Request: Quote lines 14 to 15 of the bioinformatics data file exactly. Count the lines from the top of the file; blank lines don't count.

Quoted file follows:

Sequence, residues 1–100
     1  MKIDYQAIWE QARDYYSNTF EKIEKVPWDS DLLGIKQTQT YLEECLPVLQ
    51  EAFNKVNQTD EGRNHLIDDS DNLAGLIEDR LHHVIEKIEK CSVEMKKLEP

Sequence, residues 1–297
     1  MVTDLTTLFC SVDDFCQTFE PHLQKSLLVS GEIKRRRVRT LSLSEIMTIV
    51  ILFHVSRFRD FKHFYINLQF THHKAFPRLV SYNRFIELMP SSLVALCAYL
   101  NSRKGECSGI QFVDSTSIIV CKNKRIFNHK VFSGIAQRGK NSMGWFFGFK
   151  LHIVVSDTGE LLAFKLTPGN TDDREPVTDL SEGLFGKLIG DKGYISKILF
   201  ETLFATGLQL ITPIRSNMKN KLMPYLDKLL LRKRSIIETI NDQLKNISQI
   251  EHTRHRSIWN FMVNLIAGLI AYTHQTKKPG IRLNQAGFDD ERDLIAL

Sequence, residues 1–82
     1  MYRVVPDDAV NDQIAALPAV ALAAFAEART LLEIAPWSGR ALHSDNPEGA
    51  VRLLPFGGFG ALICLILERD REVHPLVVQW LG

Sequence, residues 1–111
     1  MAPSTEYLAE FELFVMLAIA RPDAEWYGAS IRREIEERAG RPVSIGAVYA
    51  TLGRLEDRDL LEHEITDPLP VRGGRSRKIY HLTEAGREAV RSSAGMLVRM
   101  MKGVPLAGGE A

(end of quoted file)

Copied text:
Sequence, residues 1–111
     1  MAPSTEYLAE FELFVMLAIA RPDAEWYGAS IRREIEERAG RPVSIGAVYA